By Jason Larson
I have a 2015 kymco 450I side by side with only 800 miles. I use it to plow snow and pull a manure spreader. Yes in low. Last night it started making a loud chatter in the engine area and shut off. Couldn't change the gear selector unless it was while turning the ignition. Pulled the belt/clutch cover off and everything was in ok shape. Took the whole assembly off and it still chatters. Looks like the splined rod towards the rear of the engine is starting and stopping in its own and that's where that noise is coming from. Is that part of the clutch and do I need to pull that too??? Don't know how deep to dig. And where to get these parts.
By Farm Boy
It has done this since day one that we purchased it from Tractor Supply. I contacted the service man that Tractor Supply recommended and he told us that there wasn't anything he do to help us with. Has anyone had this same problem and can offer suggestion on to correct this issue ? It would be greatly appreciated.
Earlier this week — and after much anticipation — Lexus unveiled the new 2022 LX 600 SUV. It's a luxurious American version of the new Land Cruiser and shares a V6 powertrain with the new Toyota Tundra pickup. The LX wasn't a shock; it's just about the most characteristically "Lexus" vehicle one could imagine, except perhaps the LS sedan. But Lexus also released a different vehicle you would not have expected this week.
At the end of the LX announcement video, Lexus teased a new mobility concept called the "Recreational Off-Highway Vehicle," or ROV. It's an all-terrain vehicle — or, as we will choose to interpret it, a supremely badass golf cart — that runs on a hydrogen combustion engine. Sadly, Lexus did not include an utterly superfluous spindle grille, although the shape of the front end will certainly remind you of that shape.
An ATV makes perfect sense as a showcase for hydrogen combustion. One of the technology's most significant drawbacks for current production use is that it can't produce as much power as gasoline combustion engines with the same size engine footprint. So a low-speed wood path cruiser could get away with far less power than a recreational on-highway vehicle.
Read more from source: https://www.gearpatrol.com/cars/a37974052/lexus-off-road-atv-concept/
Wiring harness is a mess has anyone ever tore it all out and only put in the basics. Power ,ignition ,starter, stator and regulatorBy Hisun .500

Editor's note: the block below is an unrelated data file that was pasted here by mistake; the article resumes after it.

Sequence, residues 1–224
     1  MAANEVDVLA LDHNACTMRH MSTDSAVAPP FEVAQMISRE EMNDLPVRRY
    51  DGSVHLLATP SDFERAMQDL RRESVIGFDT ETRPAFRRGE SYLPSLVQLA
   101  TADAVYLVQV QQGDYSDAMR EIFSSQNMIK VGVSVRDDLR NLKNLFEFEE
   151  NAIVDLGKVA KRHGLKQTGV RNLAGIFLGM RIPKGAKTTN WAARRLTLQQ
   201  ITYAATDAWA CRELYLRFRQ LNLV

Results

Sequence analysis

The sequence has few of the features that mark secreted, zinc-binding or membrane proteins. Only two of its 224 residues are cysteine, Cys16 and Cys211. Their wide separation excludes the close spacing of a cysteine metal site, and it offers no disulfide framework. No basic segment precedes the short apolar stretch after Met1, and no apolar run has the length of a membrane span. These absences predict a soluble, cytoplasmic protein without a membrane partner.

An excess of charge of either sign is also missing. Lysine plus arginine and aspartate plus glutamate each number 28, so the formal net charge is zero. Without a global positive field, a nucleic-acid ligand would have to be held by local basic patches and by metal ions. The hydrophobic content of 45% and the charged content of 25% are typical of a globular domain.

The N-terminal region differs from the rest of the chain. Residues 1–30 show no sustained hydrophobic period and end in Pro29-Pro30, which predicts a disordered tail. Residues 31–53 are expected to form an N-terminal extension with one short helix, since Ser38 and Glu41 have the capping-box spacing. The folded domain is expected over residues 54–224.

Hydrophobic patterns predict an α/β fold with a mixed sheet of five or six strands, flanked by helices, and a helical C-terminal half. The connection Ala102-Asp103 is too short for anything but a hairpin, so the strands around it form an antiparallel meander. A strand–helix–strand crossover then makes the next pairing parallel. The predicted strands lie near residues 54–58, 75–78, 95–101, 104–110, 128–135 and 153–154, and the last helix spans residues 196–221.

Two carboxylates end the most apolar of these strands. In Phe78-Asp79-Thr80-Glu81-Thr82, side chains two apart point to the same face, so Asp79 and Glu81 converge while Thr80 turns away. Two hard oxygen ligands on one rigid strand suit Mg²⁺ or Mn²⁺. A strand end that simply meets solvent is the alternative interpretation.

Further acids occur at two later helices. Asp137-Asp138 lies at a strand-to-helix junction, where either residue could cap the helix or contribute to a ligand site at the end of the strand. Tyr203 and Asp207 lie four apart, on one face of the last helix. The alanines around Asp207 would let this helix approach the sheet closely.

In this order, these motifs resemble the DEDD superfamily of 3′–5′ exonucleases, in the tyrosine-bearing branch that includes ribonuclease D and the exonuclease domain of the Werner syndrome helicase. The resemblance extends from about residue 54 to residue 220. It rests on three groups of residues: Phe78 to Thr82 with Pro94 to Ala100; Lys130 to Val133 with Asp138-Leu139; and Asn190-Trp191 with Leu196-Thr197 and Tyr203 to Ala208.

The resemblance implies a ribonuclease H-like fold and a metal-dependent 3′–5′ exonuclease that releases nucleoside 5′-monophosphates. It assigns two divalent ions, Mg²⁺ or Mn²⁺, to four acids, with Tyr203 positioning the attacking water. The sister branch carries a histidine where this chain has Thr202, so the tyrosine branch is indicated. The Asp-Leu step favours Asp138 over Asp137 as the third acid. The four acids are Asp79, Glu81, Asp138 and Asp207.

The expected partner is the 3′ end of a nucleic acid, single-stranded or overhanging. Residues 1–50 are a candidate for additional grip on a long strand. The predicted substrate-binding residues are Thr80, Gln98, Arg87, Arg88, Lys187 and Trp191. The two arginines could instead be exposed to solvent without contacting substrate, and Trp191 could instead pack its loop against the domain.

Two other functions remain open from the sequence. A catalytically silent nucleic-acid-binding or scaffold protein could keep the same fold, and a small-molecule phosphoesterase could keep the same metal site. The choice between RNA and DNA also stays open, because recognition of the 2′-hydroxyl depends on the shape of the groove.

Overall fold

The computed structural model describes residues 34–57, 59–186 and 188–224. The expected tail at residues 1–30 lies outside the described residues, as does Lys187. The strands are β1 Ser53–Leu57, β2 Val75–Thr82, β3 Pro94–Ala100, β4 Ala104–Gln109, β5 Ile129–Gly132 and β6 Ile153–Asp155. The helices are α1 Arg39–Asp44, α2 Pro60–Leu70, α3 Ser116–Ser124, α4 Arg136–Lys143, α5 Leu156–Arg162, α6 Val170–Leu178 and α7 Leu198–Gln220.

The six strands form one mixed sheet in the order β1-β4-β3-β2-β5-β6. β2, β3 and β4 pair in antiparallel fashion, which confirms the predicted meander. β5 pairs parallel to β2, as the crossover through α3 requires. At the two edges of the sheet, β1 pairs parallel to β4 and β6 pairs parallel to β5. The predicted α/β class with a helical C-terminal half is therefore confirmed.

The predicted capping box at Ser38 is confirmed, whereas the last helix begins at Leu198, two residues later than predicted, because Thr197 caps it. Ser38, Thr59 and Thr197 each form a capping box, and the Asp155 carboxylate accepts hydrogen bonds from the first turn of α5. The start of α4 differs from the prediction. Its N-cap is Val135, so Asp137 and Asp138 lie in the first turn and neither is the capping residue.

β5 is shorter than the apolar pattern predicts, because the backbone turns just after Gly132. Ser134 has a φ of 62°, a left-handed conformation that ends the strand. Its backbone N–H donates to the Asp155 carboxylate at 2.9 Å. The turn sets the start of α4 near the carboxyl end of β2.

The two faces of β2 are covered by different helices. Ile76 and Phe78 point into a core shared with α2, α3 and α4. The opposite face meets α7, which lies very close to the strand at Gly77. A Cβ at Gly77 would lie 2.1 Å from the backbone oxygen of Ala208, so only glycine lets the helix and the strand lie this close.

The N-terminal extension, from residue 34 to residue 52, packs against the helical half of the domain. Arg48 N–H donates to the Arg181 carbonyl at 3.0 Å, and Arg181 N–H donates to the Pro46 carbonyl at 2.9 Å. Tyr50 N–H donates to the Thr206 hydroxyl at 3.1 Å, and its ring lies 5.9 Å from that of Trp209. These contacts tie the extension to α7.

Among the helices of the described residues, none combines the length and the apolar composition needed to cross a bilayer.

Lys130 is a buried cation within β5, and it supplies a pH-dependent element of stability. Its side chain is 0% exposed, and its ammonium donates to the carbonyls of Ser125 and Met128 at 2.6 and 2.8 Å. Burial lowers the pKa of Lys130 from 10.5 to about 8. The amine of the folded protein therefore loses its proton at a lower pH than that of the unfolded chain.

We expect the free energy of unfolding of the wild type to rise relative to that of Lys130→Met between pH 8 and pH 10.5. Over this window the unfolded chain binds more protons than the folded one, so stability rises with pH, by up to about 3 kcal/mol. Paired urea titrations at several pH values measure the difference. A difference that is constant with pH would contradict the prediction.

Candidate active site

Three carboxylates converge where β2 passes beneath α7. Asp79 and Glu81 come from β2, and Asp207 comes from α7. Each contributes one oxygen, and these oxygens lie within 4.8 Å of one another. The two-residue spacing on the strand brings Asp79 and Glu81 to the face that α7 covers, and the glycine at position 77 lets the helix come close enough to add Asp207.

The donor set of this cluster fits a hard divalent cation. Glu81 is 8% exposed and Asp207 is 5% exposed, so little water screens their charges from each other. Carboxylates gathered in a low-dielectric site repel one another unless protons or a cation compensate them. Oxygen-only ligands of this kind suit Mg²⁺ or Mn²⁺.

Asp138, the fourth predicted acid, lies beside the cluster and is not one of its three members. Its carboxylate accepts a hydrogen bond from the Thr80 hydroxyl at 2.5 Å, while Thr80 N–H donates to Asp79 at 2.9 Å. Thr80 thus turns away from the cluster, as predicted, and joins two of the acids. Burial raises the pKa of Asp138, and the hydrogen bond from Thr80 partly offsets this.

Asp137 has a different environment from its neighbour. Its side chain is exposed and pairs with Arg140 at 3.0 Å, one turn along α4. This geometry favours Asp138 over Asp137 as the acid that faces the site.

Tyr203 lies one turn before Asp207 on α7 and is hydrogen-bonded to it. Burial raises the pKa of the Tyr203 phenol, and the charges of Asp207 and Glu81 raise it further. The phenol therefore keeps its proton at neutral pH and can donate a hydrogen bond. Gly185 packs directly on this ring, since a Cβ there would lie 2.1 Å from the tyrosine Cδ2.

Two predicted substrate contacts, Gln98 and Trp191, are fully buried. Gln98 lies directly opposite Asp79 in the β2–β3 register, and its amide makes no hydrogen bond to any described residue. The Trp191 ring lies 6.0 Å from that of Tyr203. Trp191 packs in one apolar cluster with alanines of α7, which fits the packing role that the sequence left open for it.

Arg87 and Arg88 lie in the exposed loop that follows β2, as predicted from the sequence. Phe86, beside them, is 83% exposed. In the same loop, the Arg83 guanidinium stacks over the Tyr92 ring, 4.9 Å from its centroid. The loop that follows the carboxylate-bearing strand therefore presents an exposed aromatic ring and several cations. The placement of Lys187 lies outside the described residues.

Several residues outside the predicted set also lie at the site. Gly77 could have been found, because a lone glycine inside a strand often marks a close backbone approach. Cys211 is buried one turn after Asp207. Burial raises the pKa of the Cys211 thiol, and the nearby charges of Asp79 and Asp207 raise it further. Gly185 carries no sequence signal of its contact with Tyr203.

So my hisun 500 is tore up and all the wiring is wasted i was wondering can i pull out all the wiring and just put in the. Basics .please help
Its maker has affectionately dubbed it Teslaris, for obvious reasons.
The Polaris RZR RS1 UTV has a one-liter, two-cylinder engine that from the factory has around 100 horsepower, making the 1,383-pound (627-kilogram) UTV very quick. But there’s always room for more power in one of these vehicles, and instead of fettling with its engine, one dune vehicle aficionado decided to swap in the rear drive motor out of a Tesla Model 3 / Model Y.
We don’t know how many of the battery modules the put in the vehicle, but it doesn’t appear to be much heavier than stock and it goes up sand dunes with remarkable ease. Depending on which version of Model 3 was the motor donor, the drive unit could have either 261 or 325 horsepower, as long as the battery pack can supply enough wattage and voltage.
Judging by how easily it flies up the steep sand dune, almost lifting the front wheels off the ground under harder acceleration, it’s safe to say it looks like a real hoot. The steep grade you see it tackling in the video uploaded by the electric UTV’s creator, Ron Cobbley, is located in the St. Anthony, Idaho sand dunes.
We found more videos on vehicle’s official Instagram account and aside from how interesting it is to see an electric powertrain in an application like this (and how it changes the vehicle), we also noticed that you really hear the tires on the sand more. Usually, this sound is drowned out by the engine.
The sound’s tone and pitch probably change with speed, giving the driver audible information to help him or her gauge their speed. You don’t really get this in a road-going EV driven on tarmac, which is why it’s trickier to drive an EV quickly - specifically because you have no way of knowing how fast you’re going just by ear.